Deconstructing Sunrun’s Acquisition of Vivint Solar

The combo of Sunrun & Vivint make them the 3rd largest owner of US solar capacity. (Credit: Giorgio Trovato)

Sunrun to acquire Vivint Solar for $3.2 Billion which would push Sunrun to 500,000 customers and more than 3 GW of assets on their books. The combined value of Sunrun + Vivint pushes it to an estimated $9.2 Billion based on the closing price July 6, 2020.

Sunrun is the leader, beating out Tesla and Vivint, in installing and selling residential solar systems in the US. Per Sunrun’s CEO Lynn Jurich – the acquisition seems to be part of a cost reduction & sales channel strategy Sunrun is looking for.

Residential Solar Sales Is Hard.

Sunrun is the biggest of the bunch, but the problems they face with 500,000 customers is the same as your local installer who does 10 or 20 installs a month. Acquiring customers for solar is the same as almost any blue collar profession – it takes a direct sales approach to achieve any form of scale. The cost to acquire a customer can range from $0.20/Watt to $0.40/Watt which for a 10 kW solar system means an installer has to spend at least $2,000 to acquire a customer.

Sunrun is an established brand at this point and has dominance in content marketing and their other online marketing efforts. Much like how Elon Musk uses his brand along with Tesla’s to try and reduce the cost of acquiring a lead through brand awarness, Sunrun does the same and has now bought the other big brand in the space to help further reduce customer acquisition costs.

Many companies ranging from Energy Sage to PickMySolar have tried different strategies in trimming this high cost and do it relatively well for the smaller installers. However, if Sunrun was making this acquisition on the idea of just another sales channel and potentially lower acquisition costs makes us excited in the short term, but terrified of the sustainability of Sunrun as a long term giant.

The Money Is In The Tech, Just Ask Utilities

What a typical solar sale breakdown looks like for a 3 kW (small) system:

  • ~10 panels → $1,800
  • DC Optimizers → $700
  • 5 kW inverter → $3,000
  • Racking System → $2,000
  • Engineering & Install → $5,000 – $7,000
  • Margin → $500 to $2,000 depending on how cheap they acquired this customer

Installing solar panels isn’t big business, it doesn’t scale like apps and its not a process based business which means every property is cookie cutter unless suddenly we all lived in town homes that were factory produced from here on out.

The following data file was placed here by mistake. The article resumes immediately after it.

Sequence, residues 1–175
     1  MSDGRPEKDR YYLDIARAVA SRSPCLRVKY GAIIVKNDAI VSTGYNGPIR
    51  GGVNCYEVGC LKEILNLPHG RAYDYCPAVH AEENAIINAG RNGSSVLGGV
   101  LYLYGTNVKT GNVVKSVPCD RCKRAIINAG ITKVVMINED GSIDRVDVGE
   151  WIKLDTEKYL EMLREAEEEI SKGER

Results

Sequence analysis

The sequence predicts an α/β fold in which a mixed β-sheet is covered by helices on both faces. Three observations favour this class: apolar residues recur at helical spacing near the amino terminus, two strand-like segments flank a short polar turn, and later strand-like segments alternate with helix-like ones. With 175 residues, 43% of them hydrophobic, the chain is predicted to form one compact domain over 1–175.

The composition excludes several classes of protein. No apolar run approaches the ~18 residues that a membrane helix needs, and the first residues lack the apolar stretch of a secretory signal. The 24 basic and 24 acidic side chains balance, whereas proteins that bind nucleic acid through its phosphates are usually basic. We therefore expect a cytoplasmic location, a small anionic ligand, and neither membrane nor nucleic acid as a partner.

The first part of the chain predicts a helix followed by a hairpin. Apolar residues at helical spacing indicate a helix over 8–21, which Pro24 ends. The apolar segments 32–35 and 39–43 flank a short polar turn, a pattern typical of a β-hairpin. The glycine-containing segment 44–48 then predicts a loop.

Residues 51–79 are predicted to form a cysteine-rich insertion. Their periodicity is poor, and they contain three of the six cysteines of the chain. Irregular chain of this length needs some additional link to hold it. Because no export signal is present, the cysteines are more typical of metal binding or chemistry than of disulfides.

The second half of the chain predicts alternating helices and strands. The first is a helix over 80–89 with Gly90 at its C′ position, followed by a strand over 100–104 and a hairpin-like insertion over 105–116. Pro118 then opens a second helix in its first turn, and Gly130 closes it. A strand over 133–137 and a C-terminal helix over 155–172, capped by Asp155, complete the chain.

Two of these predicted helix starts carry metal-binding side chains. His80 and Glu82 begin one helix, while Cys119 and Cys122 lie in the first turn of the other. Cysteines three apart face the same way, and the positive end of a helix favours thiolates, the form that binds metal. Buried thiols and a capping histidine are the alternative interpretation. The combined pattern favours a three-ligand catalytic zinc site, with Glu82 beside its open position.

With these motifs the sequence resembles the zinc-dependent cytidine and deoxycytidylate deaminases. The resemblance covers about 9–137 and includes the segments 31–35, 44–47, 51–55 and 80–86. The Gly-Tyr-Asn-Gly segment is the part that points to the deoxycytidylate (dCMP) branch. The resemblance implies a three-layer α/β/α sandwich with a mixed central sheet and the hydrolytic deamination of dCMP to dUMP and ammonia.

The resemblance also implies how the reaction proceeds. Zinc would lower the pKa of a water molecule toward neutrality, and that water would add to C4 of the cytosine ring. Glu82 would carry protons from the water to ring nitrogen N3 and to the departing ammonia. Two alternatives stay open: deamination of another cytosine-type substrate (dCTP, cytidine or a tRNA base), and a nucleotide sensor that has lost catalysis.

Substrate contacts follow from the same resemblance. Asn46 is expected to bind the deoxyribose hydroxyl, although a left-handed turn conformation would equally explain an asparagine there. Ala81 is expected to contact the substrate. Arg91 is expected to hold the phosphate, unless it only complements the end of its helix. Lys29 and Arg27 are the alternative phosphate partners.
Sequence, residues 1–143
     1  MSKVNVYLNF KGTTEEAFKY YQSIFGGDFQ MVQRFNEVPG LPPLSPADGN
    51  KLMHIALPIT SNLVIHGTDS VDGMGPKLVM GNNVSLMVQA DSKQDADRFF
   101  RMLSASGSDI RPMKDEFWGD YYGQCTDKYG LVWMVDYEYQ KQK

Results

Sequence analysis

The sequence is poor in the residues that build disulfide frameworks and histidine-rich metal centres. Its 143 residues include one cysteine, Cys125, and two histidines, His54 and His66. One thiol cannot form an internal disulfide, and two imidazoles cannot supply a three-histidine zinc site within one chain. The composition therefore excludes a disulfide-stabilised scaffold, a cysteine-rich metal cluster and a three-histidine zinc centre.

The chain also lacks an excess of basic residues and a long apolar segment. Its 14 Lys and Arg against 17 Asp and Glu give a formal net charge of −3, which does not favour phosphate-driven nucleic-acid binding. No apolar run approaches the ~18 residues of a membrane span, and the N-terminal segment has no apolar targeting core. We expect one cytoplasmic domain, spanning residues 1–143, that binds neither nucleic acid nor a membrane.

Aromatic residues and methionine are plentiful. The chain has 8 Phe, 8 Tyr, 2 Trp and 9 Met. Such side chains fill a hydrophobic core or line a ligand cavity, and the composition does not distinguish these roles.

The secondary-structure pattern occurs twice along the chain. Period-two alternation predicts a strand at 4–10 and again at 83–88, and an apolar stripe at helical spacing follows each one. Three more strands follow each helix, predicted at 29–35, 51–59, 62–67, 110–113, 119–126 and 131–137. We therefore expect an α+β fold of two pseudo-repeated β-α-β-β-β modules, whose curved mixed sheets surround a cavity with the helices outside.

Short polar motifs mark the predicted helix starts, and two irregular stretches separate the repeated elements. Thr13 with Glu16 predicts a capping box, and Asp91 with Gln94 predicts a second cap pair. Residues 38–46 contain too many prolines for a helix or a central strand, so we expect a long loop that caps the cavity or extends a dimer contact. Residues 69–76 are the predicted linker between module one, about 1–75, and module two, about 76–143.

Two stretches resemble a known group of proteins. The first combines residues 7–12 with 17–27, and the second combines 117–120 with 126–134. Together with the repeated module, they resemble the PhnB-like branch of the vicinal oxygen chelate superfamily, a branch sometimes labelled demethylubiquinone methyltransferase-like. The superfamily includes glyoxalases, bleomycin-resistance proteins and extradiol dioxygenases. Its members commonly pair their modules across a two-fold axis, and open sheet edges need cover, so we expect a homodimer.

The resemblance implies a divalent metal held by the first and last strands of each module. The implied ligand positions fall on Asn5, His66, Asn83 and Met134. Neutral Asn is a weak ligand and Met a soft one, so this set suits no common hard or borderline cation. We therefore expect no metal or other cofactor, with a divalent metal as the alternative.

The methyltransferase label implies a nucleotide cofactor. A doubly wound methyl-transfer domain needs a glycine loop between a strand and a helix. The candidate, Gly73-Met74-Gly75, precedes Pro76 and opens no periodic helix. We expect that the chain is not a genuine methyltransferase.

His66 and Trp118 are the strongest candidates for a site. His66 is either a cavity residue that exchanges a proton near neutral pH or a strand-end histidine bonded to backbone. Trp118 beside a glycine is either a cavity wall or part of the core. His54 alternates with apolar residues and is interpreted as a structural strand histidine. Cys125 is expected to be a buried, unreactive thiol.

The big money in the space is either in building the tech that changes the cost vs. performance dynamic so more customers can buy in or its in the infrastructure/finance side of things where you own and operate the systems and through financial wizardry are able to provide such a better experience that homeowners switch to you as the utility.

Sunrun in its current form remains as an installer and shows their near term commitment to that brand with this acquisition. To put this in perspective, Tesla has their money on the tech – which is very competitive – and not on the install business. Hence their partnership with Sunrun to distribute their powerwalls.

Sunrun Needs To Switch To Becoming A Utility

Not in a traditional sense, but rather in a modern forward thinking sense. Sunrun has all the tools to make them successful as an alternative energy service provider for residential customers. With partnerships with Autogrid to utilities on demand response programs and a brand that customers seem to trust – should Sunrun switch to a finance or infrastructure focused business model and “subcontract” trained Sunrun installers only they may have a chance to become a deeply rooted energy provider over the next decade.

About The Author

Swarnav S Pujari

Swarnav S Pujari

CEO @ TouchLight | Founder of The Impact

Swarnav is the CEO of TouchLight, a utility backed energy company that develops software for nanogrids that accelerates solar payback periods by 1 – 3 years. He currently leads partnerships and product efforts within the company.

Concurrently, Swarnav founded The Impact to help provide open source tools, research and analysis to people passionate about tackling climate change. He also volunteers time with ClimateLink hosting regional meetups and was appointed the Chairman for the Town of Yorktown’s CSC Task Force, where he helps with legislation and sustainability efforts within the town.

Swarnav has a background in building physical products and has been working in the energy space for about 8 years. He also holds 2 patents and is active in the tech, energy and real estate industries.

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